Children who have packed lunches are encouraged to take any leftover food home in their boxes so that parents can make judgements about how much is being eaten. Of course, it is difficult for a lunch supervisor to make that judgement as they have no idea about how much food was in the box initially. We encourage all parents to send a balanced healthy packed lunch to school.

Q7. Can school cutlery be used to eat home-packed lunches?

A7. Cutlery is provided by the catering company for the use of those children taking school lunches. It is therefore helpful if parents who send their child with a packed lunch also put whatever cutlery their child might require into the packed lunch box. Normally this would only be a small spoon for eating yoghurt or some chopped fresh fruit and if a child should forget to bring one then of course, they would be able to use school cutlery.

Q8. What happens if I forget to send my child with a snack or school lunch?

A8. This happens fairly regularly, most often because packed lunch boxes have been left behind at home or in the car. When this happens, school office staff will try to contact parents to see if they are able to drop off the packed lunch. If they are unable to contact parents or if the parents choose, a school lunch will be provided for the child and payment can be made retrospectively. However as our lunches are ordered for children who have paid and brought to school there may be little food left. If a child regularly comes without a lunch then the school staff would contact the parents in the first instance to resolve the issue but if this continued to happen the school may have to contact Social Care Direct. Unfortunately we are unable to provide snacks for children who forget them. We also operate a Fairtrade tuckshop for children in P1-P3 on a Monday and P4-P7 on a Friday.

Q9. If my child is off sick should I receive a refund for school dinners that have been pre-paid?

A9. Yes. This would normally be in the form of a credit against future lunches that are ordered.

Q10. Is there a tuck shop?

A10. There is a Fairtrade tuck shop that is open to pupils in P1-P3 on a Monday and P4-P7 on a Friday. This is run by senior pupils.

Q11. My child only ever has healthy snacks at school and gets annoyed that others in his class are given crisps and sweets. Does the school have a policy on healthy snacks? Are sweets and crisps allowed in school?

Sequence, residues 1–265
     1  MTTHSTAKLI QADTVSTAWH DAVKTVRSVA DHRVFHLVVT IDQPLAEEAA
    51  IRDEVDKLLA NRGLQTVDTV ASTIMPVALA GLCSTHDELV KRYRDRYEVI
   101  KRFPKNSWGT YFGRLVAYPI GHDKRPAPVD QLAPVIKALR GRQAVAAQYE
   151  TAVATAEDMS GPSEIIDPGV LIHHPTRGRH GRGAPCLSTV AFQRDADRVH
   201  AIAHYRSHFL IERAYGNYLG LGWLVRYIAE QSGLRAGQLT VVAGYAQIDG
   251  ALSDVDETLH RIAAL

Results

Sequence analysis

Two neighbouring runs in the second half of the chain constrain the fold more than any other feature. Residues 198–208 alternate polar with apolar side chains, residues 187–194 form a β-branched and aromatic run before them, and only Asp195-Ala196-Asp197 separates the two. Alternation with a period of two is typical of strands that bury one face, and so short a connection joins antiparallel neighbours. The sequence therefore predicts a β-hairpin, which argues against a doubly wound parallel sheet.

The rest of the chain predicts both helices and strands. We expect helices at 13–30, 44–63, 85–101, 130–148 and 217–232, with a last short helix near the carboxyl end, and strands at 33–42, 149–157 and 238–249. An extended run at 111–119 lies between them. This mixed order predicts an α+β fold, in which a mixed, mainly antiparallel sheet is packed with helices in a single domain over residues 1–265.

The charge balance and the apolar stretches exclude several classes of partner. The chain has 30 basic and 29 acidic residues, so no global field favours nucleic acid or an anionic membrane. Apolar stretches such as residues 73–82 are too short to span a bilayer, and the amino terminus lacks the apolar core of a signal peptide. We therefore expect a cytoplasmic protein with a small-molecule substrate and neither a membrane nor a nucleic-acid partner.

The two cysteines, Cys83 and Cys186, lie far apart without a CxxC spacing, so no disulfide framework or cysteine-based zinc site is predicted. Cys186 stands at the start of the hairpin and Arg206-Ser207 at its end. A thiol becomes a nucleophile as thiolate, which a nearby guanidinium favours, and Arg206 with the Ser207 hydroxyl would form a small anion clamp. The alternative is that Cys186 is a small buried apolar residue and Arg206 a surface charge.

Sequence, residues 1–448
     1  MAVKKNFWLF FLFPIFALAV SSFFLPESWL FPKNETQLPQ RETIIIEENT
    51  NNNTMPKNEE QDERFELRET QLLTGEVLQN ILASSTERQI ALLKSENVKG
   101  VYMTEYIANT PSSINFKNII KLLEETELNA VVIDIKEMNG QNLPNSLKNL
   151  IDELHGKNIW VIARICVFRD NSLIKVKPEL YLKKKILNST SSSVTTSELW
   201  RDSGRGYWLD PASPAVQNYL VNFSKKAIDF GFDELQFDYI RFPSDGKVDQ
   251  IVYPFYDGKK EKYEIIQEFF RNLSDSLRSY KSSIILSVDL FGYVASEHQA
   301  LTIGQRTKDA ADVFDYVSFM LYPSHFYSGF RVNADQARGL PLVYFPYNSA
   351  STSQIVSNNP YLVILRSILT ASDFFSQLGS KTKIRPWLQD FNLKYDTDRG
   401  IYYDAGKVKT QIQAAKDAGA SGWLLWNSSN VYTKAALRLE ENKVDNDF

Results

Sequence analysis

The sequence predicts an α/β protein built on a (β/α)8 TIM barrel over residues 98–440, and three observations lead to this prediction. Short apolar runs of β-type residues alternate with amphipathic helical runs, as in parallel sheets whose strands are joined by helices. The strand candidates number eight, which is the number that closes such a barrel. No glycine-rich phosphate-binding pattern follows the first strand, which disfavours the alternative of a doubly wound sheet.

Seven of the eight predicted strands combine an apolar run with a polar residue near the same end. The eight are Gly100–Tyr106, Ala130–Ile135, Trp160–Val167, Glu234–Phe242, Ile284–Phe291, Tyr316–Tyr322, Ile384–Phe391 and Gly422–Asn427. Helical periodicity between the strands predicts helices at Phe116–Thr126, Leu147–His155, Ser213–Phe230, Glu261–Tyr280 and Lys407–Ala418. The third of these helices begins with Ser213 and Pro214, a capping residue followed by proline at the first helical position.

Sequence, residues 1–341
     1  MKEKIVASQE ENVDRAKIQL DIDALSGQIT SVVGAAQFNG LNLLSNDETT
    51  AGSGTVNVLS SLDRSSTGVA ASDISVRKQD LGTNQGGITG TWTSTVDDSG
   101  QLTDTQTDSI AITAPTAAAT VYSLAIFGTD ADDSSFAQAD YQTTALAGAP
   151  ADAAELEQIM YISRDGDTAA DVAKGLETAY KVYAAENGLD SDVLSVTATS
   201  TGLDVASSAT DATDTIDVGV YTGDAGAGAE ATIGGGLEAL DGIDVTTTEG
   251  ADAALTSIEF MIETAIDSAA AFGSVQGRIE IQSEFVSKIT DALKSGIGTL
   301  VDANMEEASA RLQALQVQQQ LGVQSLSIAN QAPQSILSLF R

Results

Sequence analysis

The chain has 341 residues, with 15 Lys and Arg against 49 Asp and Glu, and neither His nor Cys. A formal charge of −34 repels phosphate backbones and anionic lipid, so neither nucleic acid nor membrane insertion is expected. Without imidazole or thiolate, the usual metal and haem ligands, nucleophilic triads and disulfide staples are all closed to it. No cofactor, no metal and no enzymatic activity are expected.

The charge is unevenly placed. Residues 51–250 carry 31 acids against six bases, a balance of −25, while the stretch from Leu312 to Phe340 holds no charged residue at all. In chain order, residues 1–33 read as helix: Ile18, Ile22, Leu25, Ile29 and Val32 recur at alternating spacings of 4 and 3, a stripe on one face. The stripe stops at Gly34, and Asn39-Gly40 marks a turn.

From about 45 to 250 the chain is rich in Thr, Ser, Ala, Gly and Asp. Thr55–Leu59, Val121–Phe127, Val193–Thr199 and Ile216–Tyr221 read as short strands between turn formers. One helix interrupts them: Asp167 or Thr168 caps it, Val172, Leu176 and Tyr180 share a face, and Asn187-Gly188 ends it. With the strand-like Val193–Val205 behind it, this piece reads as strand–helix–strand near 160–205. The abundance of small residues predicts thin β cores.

A11. While we encourage healthy eating, including the provision of healthy snacks at break time, we are only able to advise parents. The school has no power to ban any particular snack, including crisps and sweets. The responsibility for the choice of snack rests with parents and some may choose to provide certain items at break time rather than at other times of the day.

Q12. Who looks after each class if the weather prevents outside play? 

A12. When children remain inside due to bad weather, they are supervised by the Learning Assistants and Playground Supervisors who would otherwise have been outside. As part of their senior pupil responsibilities, two P7 children will also be in each class to play with the younger children and to help the Learning Assistants.

Q13. Are the children allowed out at playtime/lunchtime when it snows?

A13. If there is fluffy snow that is ideal for playing with and if the weather is dry, children would normally be allowed out to play. Indeed, we know how much fun this can be for children and so we would be actively encouraging them to enjoy it. If it is very icy or slushy, or if very wet snow is falling, it is likely that children would be kept inside. On days when children are able to play out in the snow, we encourage them to build snowmen and igloos and to be creative in their play. However, in the interest of safety, snowball throwing is not allowed.

Q14. Winter boots: during wet/snowy weather do children change into indoor shoes?

A14. In reasonable weather, there is no need for children to change shoes as the vinyl floorings tend to remove any mud or dirt before they get to the classroom. However, if children are coming to school in large heavy boots or wellies, it would not be comfortable for them to spend the rest of the day wearing these in class. In these circumstances it would be better for parents to make sure that there are more comfortable shoes for their child to change into.